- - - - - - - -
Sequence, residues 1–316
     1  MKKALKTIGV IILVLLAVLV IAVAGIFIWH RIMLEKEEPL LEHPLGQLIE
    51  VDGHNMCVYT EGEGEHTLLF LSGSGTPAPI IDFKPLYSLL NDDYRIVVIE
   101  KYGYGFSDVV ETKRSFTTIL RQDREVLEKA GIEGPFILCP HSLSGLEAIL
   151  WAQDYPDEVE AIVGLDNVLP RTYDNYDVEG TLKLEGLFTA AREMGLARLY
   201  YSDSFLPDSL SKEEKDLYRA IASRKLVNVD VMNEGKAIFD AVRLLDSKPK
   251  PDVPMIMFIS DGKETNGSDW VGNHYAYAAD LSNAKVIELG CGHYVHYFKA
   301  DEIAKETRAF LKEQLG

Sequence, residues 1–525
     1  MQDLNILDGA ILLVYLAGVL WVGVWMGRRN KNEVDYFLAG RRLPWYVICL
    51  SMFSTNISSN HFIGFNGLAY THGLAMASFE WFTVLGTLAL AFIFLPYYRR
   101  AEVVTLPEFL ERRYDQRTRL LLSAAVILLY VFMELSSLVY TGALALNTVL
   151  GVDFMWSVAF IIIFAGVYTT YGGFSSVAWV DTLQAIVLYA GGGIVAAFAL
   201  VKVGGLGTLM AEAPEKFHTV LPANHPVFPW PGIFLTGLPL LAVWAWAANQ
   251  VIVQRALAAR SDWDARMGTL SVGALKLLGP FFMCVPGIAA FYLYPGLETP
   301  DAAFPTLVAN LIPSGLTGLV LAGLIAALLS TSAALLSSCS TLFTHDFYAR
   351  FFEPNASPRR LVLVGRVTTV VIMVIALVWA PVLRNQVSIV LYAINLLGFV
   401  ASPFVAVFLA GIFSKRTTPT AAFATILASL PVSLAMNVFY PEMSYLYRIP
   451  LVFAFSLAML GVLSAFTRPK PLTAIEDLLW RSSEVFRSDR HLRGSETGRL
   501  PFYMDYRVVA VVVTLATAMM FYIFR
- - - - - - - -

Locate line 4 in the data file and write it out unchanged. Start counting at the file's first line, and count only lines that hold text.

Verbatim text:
   101  KYGYGFSDVV ETKRSFTTIL RQDREVLEKA GIEGPFILCP HSLSGLEAIL